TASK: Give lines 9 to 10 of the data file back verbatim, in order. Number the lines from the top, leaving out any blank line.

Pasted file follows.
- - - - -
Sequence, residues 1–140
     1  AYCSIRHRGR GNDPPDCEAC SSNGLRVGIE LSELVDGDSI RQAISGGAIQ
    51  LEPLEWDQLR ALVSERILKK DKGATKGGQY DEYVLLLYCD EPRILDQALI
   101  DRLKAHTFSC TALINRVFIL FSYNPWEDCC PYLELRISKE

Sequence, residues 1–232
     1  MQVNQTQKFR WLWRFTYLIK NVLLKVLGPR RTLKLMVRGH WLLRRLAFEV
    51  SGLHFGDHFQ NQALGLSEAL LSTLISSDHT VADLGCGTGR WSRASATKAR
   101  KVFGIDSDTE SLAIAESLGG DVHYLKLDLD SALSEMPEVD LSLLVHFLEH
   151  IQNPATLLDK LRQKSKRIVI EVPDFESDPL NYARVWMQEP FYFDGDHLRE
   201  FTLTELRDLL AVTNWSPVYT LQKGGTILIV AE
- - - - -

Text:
   151  IQNPATLLDK LRQKSKRIVI EVPDFESDPL NYARVWMQEP FYFDGDHLRE
   201  FTLTELRDLL AVTNWSPVYT LQKGGTILIV AE